For areas where there are no RFMOs, states are called upon to stop authorizing their vessels to conduct bottom fishing until conservation and management measures are adopted.

During debate on the resolution, IUCN spokesman Harlan Cohen welcomed "the call for a closure to bottom fishing of areas where vulnerable marine ecosystems, including seamounts, hydrothermal vents and cold water corals, are known or are likely to occur."

But he said the IUCN is concerned that bottom trawling was not banned in areas where no regional fishery management organization is in place because these vulnerable deep-sea ecosystems are unprotected.

Stuart Beck of Palau, speaking on behalf of the Pacific Islands Forum, said the Forum is disappointed that the resolution did not generate an immediate interim prohibition on bottom trawling in unmanaged areas.

Beck said the leadership of the Pacific Islands Forum met in October in Nadi, Fiji, where they agreed to "advance international efforts to institute an immediate interim prohibition on destructive fishing practices, including bottom trawling," in unmanaged areas beyond national jurisdiction.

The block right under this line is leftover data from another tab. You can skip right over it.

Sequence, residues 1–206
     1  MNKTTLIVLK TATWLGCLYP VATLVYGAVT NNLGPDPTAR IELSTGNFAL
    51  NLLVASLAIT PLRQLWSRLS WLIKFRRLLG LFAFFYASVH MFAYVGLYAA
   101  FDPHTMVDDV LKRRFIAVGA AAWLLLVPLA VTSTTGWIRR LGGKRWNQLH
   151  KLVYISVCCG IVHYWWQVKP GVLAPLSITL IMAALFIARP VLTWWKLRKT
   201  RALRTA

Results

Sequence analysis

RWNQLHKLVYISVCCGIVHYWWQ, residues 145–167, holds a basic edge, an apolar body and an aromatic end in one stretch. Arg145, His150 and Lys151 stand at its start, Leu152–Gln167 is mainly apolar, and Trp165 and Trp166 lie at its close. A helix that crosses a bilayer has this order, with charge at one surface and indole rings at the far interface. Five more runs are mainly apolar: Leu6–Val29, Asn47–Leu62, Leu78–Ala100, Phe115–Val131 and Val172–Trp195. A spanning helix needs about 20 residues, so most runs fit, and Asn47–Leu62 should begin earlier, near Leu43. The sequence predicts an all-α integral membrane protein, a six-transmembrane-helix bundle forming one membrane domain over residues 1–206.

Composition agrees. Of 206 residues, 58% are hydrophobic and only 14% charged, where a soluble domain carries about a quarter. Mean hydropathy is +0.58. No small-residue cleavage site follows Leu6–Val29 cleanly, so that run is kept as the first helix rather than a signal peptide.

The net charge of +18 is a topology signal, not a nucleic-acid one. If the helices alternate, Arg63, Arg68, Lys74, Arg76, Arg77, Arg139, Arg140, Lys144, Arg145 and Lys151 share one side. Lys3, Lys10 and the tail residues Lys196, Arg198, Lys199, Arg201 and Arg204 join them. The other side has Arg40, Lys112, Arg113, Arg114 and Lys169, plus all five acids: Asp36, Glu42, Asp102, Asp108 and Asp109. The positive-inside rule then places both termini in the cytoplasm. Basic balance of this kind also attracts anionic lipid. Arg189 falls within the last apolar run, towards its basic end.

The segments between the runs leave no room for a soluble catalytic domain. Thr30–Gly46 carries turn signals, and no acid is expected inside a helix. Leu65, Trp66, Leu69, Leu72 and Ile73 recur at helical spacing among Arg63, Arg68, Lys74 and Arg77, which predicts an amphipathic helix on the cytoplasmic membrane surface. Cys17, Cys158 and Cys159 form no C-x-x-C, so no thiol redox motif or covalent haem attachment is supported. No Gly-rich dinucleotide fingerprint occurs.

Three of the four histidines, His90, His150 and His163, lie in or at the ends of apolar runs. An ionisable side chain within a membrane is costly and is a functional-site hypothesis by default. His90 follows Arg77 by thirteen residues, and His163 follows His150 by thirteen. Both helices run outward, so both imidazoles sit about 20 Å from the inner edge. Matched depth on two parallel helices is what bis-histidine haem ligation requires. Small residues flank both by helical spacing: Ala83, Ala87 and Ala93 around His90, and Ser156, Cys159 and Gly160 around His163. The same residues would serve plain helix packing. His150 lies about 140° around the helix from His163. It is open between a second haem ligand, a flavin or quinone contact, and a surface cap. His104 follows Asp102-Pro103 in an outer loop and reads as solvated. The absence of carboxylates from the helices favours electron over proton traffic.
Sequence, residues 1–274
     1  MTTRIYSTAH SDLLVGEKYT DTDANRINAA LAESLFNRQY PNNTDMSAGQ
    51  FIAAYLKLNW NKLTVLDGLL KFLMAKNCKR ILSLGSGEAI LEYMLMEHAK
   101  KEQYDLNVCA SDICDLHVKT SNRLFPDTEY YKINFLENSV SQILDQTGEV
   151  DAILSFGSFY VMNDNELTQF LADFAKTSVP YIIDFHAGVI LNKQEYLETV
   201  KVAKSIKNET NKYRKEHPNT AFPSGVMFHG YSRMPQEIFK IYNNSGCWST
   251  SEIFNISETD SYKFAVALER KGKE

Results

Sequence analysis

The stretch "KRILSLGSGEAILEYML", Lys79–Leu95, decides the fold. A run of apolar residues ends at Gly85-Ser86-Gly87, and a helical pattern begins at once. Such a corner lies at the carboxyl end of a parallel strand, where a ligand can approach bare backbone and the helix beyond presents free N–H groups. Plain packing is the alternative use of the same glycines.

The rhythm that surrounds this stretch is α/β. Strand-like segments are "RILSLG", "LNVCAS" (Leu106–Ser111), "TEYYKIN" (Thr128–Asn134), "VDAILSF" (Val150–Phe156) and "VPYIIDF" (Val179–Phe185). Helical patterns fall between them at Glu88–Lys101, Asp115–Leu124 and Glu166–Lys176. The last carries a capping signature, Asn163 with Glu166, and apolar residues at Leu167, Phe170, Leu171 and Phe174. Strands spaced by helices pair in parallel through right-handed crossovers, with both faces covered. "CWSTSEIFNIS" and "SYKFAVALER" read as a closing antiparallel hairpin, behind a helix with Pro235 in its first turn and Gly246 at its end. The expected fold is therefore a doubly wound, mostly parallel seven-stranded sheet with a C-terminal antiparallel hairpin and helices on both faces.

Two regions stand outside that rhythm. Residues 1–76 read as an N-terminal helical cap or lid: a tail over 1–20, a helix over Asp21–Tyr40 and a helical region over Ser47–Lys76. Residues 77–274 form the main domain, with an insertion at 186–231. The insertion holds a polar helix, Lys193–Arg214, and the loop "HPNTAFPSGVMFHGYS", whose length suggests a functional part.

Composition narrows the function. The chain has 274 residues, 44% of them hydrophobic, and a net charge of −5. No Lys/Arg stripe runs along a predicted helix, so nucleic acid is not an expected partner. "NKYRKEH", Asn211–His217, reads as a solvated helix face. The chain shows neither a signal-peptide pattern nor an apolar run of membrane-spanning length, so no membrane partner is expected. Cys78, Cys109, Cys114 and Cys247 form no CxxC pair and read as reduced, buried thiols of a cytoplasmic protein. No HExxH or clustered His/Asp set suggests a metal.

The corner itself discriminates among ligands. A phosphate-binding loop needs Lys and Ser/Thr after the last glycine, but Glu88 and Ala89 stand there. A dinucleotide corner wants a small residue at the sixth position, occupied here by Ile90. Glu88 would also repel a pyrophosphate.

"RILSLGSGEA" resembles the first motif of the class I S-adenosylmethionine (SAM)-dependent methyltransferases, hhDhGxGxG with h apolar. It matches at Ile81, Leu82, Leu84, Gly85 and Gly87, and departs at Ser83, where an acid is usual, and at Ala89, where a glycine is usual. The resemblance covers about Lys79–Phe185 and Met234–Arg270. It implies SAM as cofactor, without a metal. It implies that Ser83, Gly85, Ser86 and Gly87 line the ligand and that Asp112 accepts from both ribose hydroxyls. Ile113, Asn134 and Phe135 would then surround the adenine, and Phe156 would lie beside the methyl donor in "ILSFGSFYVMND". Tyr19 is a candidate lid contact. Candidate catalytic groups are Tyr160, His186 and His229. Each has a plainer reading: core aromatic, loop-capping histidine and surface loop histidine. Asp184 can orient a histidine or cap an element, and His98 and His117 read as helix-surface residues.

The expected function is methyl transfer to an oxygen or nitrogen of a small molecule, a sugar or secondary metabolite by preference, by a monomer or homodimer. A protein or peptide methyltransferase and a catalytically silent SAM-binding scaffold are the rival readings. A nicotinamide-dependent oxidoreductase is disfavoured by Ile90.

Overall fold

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Spanish bottom trawler hauls aboard nets full of fish. (Photo courtesy Greenpeace Germany)
Beck said the Forum leaders felt that urgent action on destructive fishing practices is needed because these practices undermine the conservation and sustainable use of marine biological diversity, which is so crucial to the way of life of small-island developing states.

To combat global warming, there is an interest in placing the greenhouse gas carbon dioxide deep beneath the sea floor. This process would be governed by the Protocol to the Convention on the Prevention of Marine Pollution by Dumping of Wastes and Other Matter, the London Convention, which took effect this year.

Cohen said the IUCN has greater concern about "a possible interest to sequester carbon through iron fertilization of the open ocean."

Iron fertilization is the intentional introduction of iron to the upper ocean to increase the marine food chain and to sequester carbon dioxide from the atmosphere.

Dumping iron in the ocean is known to spur the growth of plankton that remove carbon dioxide from the atmosphere, but preliminary research done in 1999 and 2002 indicates iron fertilization may not be the quick fix to climate problems that some had hoped.